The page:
According to World Economics data, with Britain in, the CPTPP would account for about 12.5 per cent of global gross domestic product – not quite as big as the EU’s share of 13.9 per cent, but arguably very large. If the EU were persuaded to join, this would lift the group’s economic heft to above 25 per cent of global GDP. Add China, at a whopping 18.5 per cent, and that rises to almost 45 per cent.

With a CPTPP grown so large, how could the United States plausibly remain outside? But how, also, could it comfortably join alongside China, the very economy the TPP was conceived to block?

And here’s the rub. The next applicant in the queue is China. And there is strong logic to China’s membership in the CPTPP. It is the dominant trading partner for eight of the bloc’s 11 members. Even for Australia, for example, just over 32 per cent of its trade is with China – four times its trade with the US. But the US-inspired TPP was conceived as a bulwark against China and aspects of its economic model – in particular, the practices of China’s state-owned enterprises and extensive use of subsidies.

This lends particular significance to Britain’s membership negotiations, and their importance as a template for other applicants. The CPTPP distinguishes itself as a “high quality” agreement that includes services, digital trade, labour, the environment and regulation of trade and investment.

By holding Britain’s feet firmly to the fire, CPTPP’s members not only burnish their “high quality” credentials, but define membership barriers that an unreformed China would find impossible to surmount.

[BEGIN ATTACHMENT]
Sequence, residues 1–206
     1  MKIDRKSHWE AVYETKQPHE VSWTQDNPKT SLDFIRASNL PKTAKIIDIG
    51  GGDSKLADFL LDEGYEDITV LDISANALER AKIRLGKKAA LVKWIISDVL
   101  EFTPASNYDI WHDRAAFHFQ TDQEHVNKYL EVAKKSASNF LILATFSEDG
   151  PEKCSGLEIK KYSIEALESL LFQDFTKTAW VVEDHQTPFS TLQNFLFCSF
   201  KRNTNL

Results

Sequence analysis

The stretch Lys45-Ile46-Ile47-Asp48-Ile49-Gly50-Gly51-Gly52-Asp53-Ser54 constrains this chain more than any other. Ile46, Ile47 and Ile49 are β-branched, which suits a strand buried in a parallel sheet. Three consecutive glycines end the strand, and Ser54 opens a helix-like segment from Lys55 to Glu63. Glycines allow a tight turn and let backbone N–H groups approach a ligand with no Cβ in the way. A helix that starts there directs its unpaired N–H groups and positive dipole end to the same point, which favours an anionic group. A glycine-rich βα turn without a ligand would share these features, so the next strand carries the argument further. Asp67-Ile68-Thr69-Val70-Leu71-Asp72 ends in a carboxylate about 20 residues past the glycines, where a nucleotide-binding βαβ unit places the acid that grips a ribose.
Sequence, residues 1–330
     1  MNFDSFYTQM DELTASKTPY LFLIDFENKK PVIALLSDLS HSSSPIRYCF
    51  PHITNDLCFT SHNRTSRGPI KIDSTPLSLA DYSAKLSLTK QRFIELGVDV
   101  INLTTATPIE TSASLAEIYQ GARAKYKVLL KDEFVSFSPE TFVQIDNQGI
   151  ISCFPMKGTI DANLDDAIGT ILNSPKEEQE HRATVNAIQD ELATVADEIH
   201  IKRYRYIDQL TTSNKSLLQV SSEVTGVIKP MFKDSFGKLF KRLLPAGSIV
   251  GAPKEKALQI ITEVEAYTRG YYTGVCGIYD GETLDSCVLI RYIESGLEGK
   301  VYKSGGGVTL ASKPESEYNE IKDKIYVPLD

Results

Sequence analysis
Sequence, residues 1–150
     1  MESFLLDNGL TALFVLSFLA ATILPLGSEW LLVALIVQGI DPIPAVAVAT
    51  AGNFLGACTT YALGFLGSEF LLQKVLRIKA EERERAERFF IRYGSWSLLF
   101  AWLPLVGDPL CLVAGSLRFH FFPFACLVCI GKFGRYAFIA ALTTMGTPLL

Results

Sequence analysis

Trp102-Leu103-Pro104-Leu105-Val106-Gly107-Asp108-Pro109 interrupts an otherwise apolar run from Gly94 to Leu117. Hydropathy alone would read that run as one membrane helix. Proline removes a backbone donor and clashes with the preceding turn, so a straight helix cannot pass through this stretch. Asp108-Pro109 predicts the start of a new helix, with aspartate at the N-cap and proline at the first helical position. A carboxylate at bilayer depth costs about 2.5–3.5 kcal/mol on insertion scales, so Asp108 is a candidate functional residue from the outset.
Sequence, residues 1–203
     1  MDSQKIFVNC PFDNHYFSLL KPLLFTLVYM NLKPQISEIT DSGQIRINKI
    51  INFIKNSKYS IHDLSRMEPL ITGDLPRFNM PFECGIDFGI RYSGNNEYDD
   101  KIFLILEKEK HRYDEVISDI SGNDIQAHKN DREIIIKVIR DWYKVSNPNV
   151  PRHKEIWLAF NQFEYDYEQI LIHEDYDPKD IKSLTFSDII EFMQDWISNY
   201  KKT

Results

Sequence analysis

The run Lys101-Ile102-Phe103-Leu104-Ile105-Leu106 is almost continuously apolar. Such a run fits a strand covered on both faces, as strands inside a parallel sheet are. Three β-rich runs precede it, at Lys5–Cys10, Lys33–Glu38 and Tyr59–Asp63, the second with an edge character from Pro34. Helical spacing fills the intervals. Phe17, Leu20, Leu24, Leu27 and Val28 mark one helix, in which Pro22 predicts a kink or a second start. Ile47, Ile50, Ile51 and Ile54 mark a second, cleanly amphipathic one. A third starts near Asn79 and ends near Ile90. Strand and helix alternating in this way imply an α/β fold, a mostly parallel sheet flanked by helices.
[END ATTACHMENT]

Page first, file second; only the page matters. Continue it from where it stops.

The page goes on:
As an outsider, the US can have no direct role in scrutinising a Chinese membership application (though closely allied members such as Japan, Australia and Canada might be pressured to reflect Washington’s views). So, some CPTPP members hope Britain’s application process might increase pressure on the US to reconsider Trump’s abandonment of the original TPP.

Close observers of Britain’s negotiations say a final agreement is overdue, but emphasise the importance of close scrutiny. At the Washington-based Peterson Institute for International Economics, trade economist Jeff Schott notes that Britain is “under the microscope”. He said: “The Brits have invariably been over-optimistic on timing and the challenges to crossing the finishing line,” acknowledging that completion might, at last, be imminent.

Senior CPTPP officials meet in Auckland in a month, and a final deal might just be cut then. More cautious pundits are talking about a deal by the time of the ministerial-level CPTPP Commission meeting in July.

For the impatient Sunak government, my only advice is that they would be wise to beware what they wish for: membership of this dynamic Asian grouping might expose Global Britain to some competitive forces that have not been anticipated, and may not be welcome.

David Dodwell is CEO of the trade policy and international relations consultancy Strategic Access, focused on developments and challenges facing the Asia-Pacific over the past four decades

 source: South China Morning Post